There is no easy way to convince a loved one to enter treatment for a disorder, whether related to substance abuse or food. Even though signs may abound that professional help is needed and everyone involved knows so, seeking treatment is an incredibly hard step to take.
But despite the sensitivity of the situation, there are ways parents, children, relatives and others can try to appeal to loved ones. In many cases, it comes down to framing the conversation the right way, mitigating conflict and planning it all out.
It's much easier said than done; but when so much is on the table, concerned family need ways to approach individuals with solutions. Here are some things to keep in mind when trying to help a family member agree to treatment for a substance abuse or eating disorder.
Build an approach
It's important to have as defined as possible a plan before you formally broach the subject of treatment. Springing the question can create pressure and stress that an individual may respond badly to, setting everyone back in the process. While it can be difficult to build that case, a thought-out intervention can be an effective pitch. While unique personal circumstances and severity will decide the timeline for this planning phase, gather experiences, evidence and anecdotes can make an impression and inform arguments for treatment. It may be useful to consult a substance abuse or crisis counselor to help prepare.
Empathy is not always an easy or innate quality to effect. However, it's needed when talking with a loved one suffering from a substance abuse or eating disorder. Placing one's self in another's shoes is not a simple exercise. Yet trying to appreciate where pain, hesitation, reluctance, fear or other resistant behaviors and emotions come from can help level the playing field for an agreement to enter treatment. Empathy can lead to understanding, so try to keep a conscious and open mind.
The decision lies outside them
All the right efforts can be made, but the sooner family accepts that the decision is not up to them, the better. It can certainly be difficult to cede this control, given the stakes, but it's a reality family has to come to terms with. In a sense, it can be advantageous to the process if admitted from the outset, making it easier to pursue a solution in good faith. Family must consider their own well-being as well, which is no easy task either. Accepting that the decision rests with the individual does not preclude exerting all the effort family thinks is needed to sway a loved one toward treatment. It is, however, healthy to set boundaries, even in the toughest of life situations.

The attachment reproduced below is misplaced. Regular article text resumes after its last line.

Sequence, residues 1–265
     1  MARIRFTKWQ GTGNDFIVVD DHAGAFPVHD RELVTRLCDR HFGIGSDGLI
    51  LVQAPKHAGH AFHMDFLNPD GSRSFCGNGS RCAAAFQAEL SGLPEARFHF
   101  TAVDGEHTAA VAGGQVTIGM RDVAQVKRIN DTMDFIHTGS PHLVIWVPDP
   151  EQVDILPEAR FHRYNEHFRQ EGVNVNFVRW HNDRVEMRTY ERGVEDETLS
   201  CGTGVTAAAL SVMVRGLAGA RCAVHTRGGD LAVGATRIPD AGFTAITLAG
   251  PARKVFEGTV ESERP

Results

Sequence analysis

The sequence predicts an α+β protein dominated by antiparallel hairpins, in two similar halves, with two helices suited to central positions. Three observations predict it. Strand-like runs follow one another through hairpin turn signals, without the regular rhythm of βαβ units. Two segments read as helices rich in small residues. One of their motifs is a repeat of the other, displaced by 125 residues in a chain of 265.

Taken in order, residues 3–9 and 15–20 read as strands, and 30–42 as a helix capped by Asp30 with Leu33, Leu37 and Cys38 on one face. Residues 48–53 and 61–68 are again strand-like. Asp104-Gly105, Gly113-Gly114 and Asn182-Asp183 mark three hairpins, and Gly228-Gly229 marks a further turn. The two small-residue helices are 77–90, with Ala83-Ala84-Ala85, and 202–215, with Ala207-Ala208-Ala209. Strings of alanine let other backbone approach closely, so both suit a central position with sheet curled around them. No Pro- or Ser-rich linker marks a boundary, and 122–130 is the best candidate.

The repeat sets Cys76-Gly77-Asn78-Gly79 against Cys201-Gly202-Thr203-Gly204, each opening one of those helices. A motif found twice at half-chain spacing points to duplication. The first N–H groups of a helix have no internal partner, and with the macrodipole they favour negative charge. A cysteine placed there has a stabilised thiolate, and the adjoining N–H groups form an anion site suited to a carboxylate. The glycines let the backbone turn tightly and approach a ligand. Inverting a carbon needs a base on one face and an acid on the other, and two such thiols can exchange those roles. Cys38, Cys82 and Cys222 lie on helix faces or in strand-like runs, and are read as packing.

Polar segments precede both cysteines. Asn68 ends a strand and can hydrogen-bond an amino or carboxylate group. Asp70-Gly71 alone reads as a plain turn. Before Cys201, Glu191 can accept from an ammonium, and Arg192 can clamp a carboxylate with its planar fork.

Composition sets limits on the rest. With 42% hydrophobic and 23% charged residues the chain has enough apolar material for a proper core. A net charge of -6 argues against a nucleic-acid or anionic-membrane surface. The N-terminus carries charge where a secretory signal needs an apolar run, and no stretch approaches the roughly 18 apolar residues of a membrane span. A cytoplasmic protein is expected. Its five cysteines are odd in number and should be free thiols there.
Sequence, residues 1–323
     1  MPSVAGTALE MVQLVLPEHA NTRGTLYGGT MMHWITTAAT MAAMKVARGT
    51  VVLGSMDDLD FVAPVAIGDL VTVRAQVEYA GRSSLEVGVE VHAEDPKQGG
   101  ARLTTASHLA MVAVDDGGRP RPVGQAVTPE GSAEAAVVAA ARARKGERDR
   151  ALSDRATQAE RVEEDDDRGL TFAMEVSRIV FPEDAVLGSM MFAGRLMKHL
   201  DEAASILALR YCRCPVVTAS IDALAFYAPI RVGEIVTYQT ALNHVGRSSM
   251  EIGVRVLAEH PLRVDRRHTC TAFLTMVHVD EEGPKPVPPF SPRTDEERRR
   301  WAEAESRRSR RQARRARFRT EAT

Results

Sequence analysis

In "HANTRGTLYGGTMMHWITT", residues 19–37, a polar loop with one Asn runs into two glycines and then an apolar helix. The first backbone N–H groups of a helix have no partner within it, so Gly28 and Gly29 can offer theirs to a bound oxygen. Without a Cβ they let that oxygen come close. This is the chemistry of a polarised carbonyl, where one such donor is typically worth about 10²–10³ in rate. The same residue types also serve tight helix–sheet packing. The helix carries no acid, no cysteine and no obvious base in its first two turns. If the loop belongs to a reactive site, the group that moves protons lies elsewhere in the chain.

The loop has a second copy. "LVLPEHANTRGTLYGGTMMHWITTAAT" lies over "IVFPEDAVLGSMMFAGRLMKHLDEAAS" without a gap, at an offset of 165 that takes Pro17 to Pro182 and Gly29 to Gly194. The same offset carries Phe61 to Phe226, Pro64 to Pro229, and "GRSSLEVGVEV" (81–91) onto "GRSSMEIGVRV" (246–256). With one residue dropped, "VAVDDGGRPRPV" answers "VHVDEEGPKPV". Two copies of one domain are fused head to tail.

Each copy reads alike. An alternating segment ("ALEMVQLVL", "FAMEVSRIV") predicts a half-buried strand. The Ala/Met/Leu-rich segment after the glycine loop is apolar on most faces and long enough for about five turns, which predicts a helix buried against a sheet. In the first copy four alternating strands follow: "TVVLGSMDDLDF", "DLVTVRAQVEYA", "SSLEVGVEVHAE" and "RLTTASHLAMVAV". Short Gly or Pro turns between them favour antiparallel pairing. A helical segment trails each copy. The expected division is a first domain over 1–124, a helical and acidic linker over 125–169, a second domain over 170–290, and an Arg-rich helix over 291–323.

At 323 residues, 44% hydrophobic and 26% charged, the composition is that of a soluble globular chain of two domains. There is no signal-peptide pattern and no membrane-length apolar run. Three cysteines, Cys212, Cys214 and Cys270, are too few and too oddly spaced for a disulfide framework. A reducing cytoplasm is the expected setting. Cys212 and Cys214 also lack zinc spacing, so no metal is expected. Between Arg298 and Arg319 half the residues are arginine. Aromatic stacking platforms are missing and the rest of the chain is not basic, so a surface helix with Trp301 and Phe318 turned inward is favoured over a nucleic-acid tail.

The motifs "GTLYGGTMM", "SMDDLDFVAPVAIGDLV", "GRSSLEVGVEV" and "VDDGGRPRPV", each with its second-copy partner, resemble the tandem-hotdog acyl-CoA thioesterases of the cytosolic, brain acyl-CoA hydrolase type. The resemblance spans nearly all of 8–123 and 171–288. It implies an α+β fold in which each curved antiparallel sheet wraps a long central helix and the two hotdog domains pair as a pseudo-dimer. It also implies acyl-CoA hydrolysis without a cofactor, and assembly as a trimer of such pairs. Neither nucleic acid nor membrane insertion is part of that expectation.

Mustering support and encouragement from all corners of the family — and community at large — can be a persuasive tacit. While having one-on-one conversations may be part of the overall process in convincing a loved one to enter treatment, bringing other family members or stakeholders into the process can help tip the scales. Demonstrating to loved ones how they affect the ones around them may not be a pleasant picture to depict, but it can be a forceful one.
Don't limit the coalition to just family, whether extended or close relations. Consider asking friends, neighbors or old teachers and coaches to write letters. Contacting professional help like therapists or intervention experts can help expand the toolkit and further reinforce upon the individual there is an entire team of people in their corner.
Know what treatment options exist
Before you recommend a path of action, you have to know where it leads. Floating vague calls to enter treatment may not resonate enough to actually convince a loved one. However, when presented with tangible steps and possible treatment solutions, that path forward can become clearer. This entails doing some research on local options, as well as other locations further away if they can offer specialized, quality service. This all contributes to having a defined plan to appeal to a loved one and further sets the table for a potential breakthrough.
As noted, having such conversations around entering treatment won't be quick or painless. But the more thought that's put in, the more chance for a positive outcome. If you need help trying to get a loved one agree to treatment, contact Fairwinds Treatment Centers today.